2023 Werner F Giggenbach Prize winner:
Raimundo, whose work was published in the Journal of Petrology, studies the compositions of olivine-hosted glassy melt inclusions selected from tephra erupted from several Japanese volcanoes to assess how the magmas they represent evolved. The findings help to determine the pressure and temperature conditions and H2O concentrations of the primary melts that have a bearing on magma explosivity making a significant scientific contribution.
Past Werner F Giggenbach Prize winners
|2022||Rose Turnbull (GNS Science)|
|2021||Terry Isson (University of Waikato)|
|2020||Sophie Gangl (University of Otago)
|2019||Nellie Olsen (Victoria University of Wellington)|
|2017||Simon Barker (Auckland University)|
|2015||Christian Timm (GNS Science)|
|2014||Shaun Barker (Waikato University)|
Werner F Giggenbach
Werner Friedrich Giggenbach was born in Augsberg in Germany in 1937. Following study in Germany and the US he joined the Chemistry Division of DSIR in 1968. Apart from two years spent in Vienna at the International Atomic Energy Agency, Werner remained there and later at IGNS for the remainder of his career.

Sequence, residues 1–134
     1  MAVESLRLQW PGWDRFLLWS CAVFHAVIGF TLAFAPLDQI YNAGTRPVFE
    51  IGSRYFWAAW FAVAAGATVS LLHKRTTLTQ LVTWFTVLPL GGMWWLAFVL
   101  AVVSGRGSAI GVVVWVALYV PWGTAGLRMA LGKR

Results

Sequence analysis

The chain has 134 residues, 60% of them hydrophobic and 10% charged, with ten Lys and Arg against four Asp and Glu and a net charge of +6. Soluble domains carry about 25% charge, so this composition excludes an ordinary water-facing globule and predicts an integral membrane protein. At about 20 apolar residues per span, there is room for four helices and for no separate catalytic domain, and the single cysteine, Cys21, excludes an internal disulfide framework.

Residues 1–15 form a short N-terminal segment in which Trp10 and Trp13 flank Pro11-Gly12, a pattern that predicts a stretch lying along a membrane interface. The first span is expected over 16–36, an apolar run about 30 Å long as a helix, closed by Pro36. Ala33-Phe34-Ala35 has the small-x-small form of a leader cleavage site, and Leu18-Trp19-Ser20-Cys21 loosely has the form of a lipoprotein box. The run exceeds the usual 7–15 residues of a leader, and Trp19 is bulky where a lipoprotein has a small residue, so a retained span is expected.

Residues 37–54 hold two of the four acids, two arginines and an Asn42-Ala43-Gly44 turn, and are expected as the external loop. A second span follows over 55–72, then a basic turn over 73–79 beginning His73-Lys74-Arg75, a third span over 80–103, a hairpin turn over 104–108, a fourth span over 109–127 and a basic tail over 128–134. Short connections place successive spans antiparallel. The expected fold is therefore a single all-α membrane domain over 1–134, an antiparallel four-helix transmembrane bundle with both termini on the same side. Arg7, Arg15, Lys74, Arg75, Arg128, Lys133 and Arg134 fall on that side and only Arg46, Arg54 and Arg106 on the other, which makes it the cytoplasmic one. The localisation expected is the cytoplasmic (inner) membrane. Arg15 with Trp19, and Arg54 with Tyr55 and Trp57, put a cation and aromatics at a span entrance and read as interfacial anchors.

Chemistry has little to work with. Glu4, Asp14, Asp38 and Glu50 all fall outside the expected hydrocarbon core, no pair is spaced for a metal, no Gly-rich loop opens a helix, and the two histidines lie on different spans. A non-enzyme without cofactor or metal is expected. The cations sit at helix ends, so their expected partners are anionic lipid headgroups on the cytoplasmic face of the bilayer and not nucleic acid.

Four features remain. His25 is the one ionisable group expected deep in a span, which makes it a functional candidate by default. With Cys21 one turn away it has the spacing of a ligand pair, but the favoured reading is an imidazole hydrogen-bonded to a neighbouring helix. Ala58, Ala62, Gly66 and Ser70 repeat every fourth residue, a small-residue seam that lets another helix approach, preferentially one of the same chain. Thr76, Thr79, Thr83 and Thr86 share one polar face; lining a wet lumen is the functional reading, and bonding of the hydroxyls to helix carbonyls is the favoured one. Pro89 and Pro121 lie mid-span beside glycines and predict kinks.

Werner was an outstanding scientist who became an internationally recognised leader in the field of fluid and related fluid/rock interactions in active geothermal and volcanic systems. He published about 100 refereed papers and chapters in books, of which half are single author contributions in leading geochemistry journals and conference proceedings.
The Geological Society of New Zealand awarded him the prestigious ‘MacKay Hammer’, the New Zealand Institute of Chemistry elected him as a Fellow, as did the US Society of Economic Geologists. He was also an editor or associate editor of several prestigious international journals. His final honour, election to Fellow of the Royal Society of New Zealand, was awarded posthumously in 1997.